Mary Fairfax Somerville (1780-1872)
Mary Fairfax was born in 1780 in Lowland Scotland to an upwardly mobile middle-class family who certainly had the resources to provide their children with a good education. Mary's father was a naval officer and eventually became Vice-Admiral Sir William Fairfax.
Unfortunately, she was a girl -- at a time when it did not seem important for girls to be well-educated. Largely self-taught in mathematics, Mary's initial interest in geometry was probably sparked by her exposure to the more lady-like pastime of painting in perspective.
Mary's life of privilege and her second husband's connections often put her in the company of Europe's great scientists and mathematicians. This probably increased her chances of having her early papers published by the leading institutions, such as her Magnetic Properties of the Violet Rays of the Solar Spectrum. Other very important publications followed, including:
Mary Fairfax Somerville was an extraordinary mathematician and succeeded profoundly in a male-dominated field. In 1835, she and another were the first women elected to the Royal Astronomical Society.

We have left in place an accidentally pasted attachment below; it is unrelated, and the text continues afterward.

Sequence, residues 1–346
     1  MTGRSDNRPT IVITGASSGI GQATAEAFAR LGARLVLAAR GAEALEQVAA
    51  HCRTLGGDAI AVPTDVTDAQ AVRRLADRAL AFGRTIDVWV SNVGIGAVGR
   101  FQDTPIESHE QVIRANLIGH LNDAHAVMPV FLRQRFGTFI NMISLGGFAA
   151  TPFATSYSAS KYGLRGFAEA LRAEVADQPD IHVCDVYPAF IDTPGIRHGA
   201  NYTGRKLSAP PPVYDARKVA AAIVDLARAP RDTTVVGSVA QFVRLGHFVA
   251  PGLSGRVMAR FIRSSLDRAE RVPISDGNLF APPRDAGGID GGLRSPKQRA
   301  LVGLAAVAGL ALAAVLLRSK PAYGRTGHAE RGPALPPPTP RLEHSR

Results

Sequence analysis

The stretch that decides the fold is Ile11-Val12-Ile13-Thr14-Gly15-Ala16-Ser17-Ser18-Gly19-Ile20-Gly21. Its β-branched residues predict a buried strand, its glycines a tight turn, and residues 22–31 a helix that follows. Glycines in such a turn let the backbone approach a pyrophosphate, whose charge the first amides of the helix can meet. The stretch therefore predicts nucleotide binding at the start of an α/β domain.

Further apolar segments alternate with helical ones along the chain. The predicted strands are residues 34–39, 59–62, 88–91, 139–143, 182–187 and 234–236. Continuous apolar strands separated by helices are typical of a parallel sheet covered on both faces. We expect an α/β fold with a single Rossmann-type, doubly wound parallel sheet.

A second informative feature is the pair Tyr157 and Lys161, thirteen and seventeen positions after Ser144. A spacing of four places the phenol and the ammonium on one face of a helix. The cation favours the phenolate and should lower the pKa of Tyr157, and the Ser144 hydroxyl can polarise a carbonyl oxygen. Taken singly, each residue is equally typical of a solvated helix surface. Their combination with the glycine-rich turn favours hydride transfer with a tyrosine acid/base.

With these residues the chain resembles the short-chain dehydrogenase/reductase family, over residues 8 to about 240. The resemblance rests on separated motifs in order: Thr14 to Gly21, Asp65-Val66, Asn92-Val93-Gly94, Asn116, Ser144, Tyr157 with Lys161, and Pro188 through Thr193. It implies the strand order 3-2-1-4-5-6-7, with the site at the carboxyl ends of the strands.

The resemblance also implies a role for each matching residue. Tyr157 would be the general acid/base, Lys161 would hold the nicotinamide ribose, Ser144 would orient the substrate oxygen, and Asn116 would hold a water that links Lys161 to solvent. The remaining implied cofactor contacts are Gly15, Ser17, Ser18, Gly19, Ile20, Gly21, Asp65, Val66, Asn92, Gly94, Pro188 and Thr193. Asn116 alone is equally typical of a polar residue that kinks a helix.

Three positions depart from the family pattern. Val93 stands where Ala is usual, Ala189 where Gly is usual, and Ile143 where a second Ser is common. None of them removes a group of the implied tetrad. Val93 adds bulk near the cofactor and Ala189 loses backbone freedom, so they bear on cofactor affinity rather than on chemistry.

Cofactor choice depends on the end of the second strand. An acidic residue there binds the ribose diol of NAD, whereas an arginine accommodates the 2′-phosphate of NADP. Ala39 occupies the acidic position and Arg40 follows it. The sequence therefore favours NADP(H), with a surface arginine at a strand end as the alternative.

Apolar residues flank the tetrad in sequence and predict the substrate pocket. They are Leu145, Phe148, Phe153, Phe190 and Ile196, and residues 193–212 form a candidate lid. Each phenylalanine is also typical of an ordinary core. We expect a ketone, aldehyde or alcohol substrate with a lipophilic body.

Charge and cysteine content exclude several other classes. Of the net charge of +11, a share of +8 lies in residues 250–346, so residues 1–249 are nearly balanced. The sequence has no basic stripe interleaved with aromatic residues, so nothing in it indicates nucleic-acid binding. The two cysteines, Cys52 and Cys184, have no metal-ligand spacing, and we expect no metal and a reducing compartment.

The Scarboro Heights Record V12 #12
Fenwick Parish Kirk Session Minutes: June 28 1761
The Moderator represented that, in Consequence of their agreeing formerly to send notice to William Halbert in Cumnock who was well spoke of as a teacher to come here and converse with him about the office of Schoolmaster. He had come and brought with him sufficient testimonials of his moral character from Messers Muir and Young, Ministers in New and Old Cumnock, which the Moderator produced and were read. He also reported that he was satisfied with the specimens of his writing & other qualities. Thereupon the Session were unanimously of opinion that, considering the long vacation by Mr. Wallace going away in January last and setting up another school, the said William Halbert should immediately take up the school in this place and continue for twelve months that both he and the Parish might have a trial. And that if either the Parish or he was not pleased [notice] should be given that the School might not again be too long vacant, which was intimated from the Pulpit and the Moderator undertook to speak with the Earl of Glasgow [for his] consent. This meeting concluded with prayer.
The Scarboro Heights Record V13 #1